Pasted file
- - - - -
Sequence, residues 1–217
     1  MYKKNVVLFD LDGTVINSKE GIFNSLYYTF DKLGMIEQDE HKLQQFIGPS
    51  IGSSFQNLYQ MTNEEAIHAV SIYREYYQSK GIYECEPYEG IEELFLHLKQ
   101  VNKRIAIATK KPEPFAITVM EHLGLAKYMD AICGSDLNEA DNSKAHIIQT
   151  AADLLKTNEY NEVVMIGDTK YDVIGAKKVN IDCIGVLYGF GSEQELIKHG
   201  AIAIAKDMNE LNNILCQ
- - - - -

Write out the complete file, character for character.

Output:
Sequence, residues 1–217
     1  MYKKNVVLFD LDGTVINSKE GIFNSLYYTF DKLGMIEQDE HKLQQFIGPS
    51  IGSSFQNLYQ MTNEEAIHAV SIYREYYQSK GIYECEPYEG IEELFLHLKQ
   101  VNKRIAIATK KPEPFAITVM EHLGLAKYMD AICGSDLNEA DNSKAHIIQT
   151  AADLLKTNEY NEVVMIGDTK YDVIGAKKVN IDCIGVLYGF GSEQELIKHG
   201  AIAIAKDMNE LNNILCQ